Tag Archive: spices


[Winter Squash, Part 2]

Squash!

After finishing off the last of the spaghetti squash, I decided to tackle the butternut squash that you can see lurking there in the background.  Weighing in at over 5lbs, it was an impressive specimen!  I’ve always liked butternut squash (despite the lack of recipes featuring it on this blog!), and I frequently use it in any recipe that calls for pumpkin, since it’s often more readily available than pie pumpkins.  This time, though, I wanted to do something a bit different.

5lbs+!

Inspired by Smitten Kitchen’s various squash salad applications (for example this or this), I decided to make up my own.  I contemplated various beans and grains before deciding on using red lentils because a) we had some in the pantry and b) you don’t have to soak them overnight.  Along with the squash and lentils, I decided to roast a few shallots that had been rolling around in the bottom of the fridge, and to top the whole thing off, I went with some feta, parsley, and toasted hazelnuts.  Of course the feta turned out to be the wrong kind for crumbling, but since the salad was warm, I rather liked how it melted and mingled with the squash and lentils.

Cubing a squash that big takes a while...

Parchment keeps your towel clean

So much for the main ingredients, but what about spices?  Normally I probably would have gone with a bolder spice palette, and no doubt would have added a healthy dose of cayenne pepper (or even added some fresh cayenne peppers for that matter–we had quite the haul this year from our balcony garden!) but alas, since pregnancy has given me the gift of heartburn, I had to get a bit more creative with my flavors.  In the end, I decided to roast the squash and shallots together with some whole cumin seeds and a bit of salt, and to cook the lentils with a cinnamon stick, bay leaf, and some black peppercorns, as well as a couple of tablespoons of tamari soy sauce (which is my favorite trick for imparting flavor to any sort of bean/grain/rice).  I also created a simple vinaigrette with olive oil, rice vinegar, and tamari–the acid from the vinegar definitely brightened up the dish, although in retrospect a bit of lemon juice would have been very nice too.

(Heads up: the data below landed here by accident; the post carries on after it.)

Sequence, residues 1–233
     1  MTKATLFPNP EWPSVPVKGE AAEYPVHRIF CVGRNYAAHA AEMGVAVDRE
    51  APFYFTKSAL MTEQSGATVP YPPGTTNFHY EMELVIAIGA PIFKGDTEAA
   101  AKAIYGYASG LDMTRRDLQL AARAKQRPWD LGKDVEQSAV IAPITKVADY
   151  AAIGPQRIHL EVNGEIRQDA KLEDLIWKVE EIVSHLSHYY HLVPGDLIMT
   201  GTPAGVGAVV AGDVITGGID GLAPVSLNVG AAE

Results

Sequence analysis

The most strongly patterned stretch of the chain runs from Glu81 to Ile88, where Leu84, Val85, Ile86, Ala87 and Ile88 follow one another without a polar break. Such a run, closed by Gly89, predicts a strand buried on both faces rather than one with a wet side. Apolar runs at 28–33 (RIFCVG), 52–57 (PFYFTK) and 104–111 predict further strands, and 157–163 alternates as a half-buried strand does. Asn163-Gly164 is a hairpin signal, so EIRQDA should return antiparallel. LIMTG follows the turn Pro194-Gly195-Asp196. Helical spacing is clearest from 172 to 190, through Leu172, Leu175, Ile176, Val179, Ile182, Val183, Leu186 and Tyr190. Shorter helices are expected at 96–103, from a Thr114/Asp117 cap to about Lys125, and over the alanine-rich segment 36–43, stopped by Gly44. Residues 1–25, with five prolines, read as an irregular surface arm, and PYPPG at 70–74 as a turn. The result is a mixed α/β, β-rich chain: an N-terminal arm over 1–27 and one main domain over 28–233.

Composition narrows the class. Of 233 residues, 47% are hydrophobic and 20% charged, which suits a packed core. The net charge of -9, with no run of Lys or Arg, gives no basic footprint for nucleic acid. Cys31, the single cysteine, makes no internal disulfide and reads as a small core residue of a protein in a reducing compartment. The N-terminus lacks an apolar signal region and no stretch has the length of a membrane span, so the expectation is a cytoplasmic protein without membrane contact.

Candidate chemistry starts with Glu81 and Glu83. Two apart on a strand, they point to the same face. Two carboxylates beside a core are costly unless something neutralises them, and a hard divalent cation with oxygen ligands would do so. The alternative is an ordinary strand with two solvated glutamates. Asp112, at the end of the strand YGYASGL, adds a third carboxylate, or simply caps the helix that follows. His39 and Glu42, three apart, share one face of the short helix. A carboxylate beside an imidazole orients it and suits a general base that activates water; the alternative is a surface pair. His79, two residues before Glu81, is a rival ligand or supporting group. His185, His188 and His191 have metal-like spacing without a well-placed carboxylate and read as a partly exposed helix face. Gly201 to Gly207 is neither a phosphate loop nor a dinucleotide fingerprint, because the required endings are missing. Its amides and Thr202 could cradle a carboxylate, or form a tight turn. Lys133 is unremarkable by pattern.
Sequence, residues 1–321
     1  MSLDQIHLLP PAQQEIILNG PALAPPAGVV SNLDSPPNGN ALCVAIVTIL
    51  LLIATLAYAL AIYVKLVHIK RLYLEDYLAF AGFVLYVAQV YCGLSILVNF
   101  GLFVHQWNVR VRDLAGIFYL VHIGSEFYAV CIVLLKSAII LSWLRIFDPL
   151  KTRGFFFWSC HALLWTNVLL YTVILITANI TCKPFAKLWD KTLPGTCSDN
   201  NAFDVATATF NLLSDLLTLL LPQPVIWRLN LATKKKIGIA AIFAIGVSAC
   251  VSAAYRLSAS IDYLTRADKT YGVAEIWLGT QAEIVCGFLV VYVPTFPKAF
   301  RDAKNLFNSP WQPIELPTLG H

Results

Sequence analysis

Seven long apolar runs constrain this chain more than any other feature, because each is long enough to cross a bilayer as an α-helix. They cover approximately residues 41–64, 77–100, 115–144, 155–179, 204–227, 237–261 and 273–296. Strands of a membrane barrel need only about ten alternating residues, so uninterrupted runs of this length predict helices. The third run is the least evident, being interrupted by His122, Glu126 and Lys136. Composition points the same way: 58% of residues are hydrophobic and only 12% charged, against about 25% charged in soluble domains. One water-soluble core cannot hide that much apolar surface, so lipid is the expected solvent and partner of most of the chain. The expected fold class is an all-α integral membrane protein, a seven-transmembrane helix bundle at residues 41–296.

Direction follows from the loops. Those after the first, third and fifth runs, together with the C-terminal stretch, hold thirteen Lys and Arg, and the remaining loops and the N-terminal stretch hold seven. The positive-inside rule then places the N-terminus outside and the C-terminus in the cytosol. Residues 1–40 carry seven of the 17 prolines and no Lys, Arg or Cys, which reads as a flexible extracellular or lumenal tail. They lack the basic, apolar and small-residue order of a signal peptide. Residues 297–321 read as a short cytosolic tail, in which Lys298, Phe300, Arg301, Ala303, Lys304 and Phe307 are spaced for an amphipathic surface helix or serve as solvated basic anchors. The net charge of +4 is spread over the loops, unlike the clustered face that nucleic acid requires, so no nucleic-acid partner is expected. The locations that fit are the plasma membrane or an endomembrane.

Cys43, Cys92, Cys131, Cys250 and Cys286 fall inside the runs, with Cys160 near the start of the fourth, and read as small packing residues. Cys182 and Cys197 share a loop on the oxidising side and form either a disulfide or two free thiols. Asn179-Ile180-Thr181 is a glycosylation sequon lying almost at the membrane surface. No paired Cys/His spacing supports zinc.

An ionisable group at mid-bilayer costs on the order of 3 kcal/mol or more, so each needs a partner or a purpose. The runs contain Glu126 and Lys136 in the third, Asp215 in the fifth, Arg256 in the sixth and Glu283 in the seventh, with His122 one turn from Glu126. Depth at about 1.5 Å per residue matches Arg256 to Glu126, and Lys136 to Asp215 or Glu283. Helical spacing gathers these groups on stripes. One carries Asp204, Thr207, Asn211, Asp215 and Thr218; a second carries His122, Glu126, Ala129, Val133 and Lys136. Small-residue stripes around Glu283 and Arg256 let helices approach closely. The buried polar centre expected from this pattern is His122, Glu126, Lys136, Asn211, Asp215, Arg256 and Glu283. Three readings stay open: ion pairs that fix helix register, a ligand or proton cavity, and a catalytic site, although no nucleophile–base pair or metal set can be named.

In the end, this dish turned out to be one of the best applications of butternut squash that I’ve ever made–it managed to be filling without being heavy, spiced without being spicy, and it was pretty easy to pull together with a fairly minimal amount of pre-planning.  It also made enough to feed a small army, and the leftovers tasted just as good cold as warm.  I think this dish is definitely going to be a permanent addition to the fall meal rotation.

squashlentils

Warm Salad with Cumin Roasted Butternut Squash and Spiced Lentils
(Serves 6-8)

For the squash:

  • 1 large butternut squash (approx. 5lbs)
  • 1-2 large shallots
  • 3 tbsp grapeseed oil
  • 2-3 tbsp whole cumin seeds
  • 1/2 tsp kosher salt

For the lentils:

  • 1.75 c red lentils
  • 3.25 c water
  • 1 cinnamon stick
  • 1 bay leaf
  • 9 whole black peppercorns
  • 2 tbsp tamari soy sauce

Dressing:

  • 5 tbsp olive oil
  • 3 tbsp rice vinegar or lemon juice
  • 1 tbsp tamari soy sauce
  • a few grinds of black pepper

Toppings:

  • 1/4 c crumbled feta cheese (or finely diced if your feta doesn’t crumble)
  • 1/4 c hazelnuts, toasted and peeled
  • small handful of fresh parsley, chopped

Preheat the oven to 350 degrees and spread out the hazelnuts on a parchment-lined sheet pan (the kind with edges so they don’t roll off!).  Put them on the middle rack and toast for 8-12 minutes, giving them a good stir halfway through.  You’ll be able to smell when they’re done–don’t burn them!  Remove the hazelnuts from the oven, and turn up the heat to 400 degrees in preparation for the squash.  Allow the hazelnuts to cool for a bit.  Then take the corners of the parchment and bring them together, creating a little package.  Wrap the whole thing in a towel, and rub it around until the nuts are mostly peeled (they don’t need to be perfect).

While the hazelnuts are toasting, peel your butternut squash, halve it lengthwise and scoop out the seeds, and then cut it up into 1-inch cubes.  Peel the shallot(s) and cut into large chunks.  Line the sheet pan you used for the hazelnuts with aluminum foil, and spread out the squash and shallots in a single layer.  Drizzle the grapeseed oil over everything and then sprinkle on the cumin seeds and salt.  Mix it all together with your hands, making sure that all the pieces of squash are coated in oil, spread them back out, and then put it in the oven (which should now be at 400) for 20-30 minutes or until the squash is fork tender but not disintegrating.

Once the squash is going, rinse and pick over your lentils and then add them to a pan with the water, tamari, cinnamon stick, bay leaf, and peppercorns.  Give it a good stir and bring it to a boil.  Then reduce the heat and simmer until the lentils are fully cooked–probably about 20 minutes.